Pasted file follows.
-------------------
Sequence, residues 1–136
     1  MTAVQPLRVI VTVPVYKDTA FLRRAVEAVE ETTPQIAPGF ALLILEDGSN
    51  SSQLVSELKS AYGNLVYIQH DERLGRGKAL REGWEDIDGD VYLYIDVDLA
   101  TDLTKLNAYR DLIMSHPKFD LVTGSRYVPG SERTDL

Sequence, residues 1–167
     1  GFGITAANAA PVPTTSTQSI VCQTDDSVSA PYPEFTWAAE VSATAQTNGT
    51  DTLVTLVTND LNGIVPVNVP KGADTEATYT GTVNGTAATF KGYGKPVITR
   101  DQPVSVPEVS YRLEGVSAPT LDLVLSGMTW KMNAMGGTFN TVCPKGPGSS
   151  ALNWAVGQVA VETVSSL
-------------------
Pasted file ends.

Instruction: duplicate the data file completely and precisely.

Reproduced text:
Sequence, residues 1–136
     1  MTAVQPLRVI VTVPVYKDTA FLRRAVEAVE ETTPQIAPGF ALLILEDGSN
    51  SSQLVSELKS AYGNLVYIQH DERLGRGKAL REGWEDIDGD VYLYIDVDLA
   101  TDLTKLNAYR DLIMSHPKFD LVTGSRYVPG SERTDL

Sequence, residues 1–167
     1  GFGITAANAA PVPTTSTQSI VCQTDDSVSA PYPEFTWAAE VSATAQTNGT
    51  DTLVTLVTND LNGIVPVNVP KGADTEATYT GTVNGTAATF KGYGKPVITR
   101  DQPVSVPEVS YRLEGVSAPT LDLVLSGMTW KMNAMGGTFN TVCPKGPGSS
   151  ALNWAVGQVA VETVSSL